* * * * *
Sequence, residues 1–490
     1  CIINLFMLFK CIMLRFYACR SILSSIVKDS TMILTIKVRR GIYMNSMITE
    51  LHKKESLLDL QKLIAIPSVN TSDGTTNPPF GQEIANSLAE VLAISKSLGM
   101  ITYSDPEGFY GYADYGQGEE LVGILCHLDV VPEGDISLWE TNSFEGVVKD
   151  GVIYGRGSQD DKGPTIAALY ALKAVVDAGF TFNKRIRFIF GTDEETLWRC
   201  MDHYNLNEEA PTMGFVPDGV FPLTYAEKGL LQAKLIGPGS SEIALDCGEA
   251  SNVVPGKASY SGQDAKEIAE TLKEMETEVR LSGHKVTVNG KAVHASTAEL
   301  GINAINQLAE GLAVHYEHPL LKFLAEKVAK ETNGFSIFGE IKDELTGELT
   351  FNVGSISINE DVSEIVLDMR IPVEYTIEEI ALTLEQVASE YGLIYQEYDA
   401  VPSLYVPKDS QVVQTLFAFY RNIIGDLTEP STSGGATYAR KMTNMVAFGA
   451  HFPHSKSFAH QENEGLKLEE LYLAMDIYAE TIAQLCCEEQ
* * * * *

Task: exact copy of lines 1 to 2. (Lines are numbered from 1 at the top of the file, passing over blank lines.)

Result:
Sequence, residues 1–490
     1  CIINLFMLFK CIMLRFYACR SILSSIVKDS TMILTIKVRR GIYMNSMITE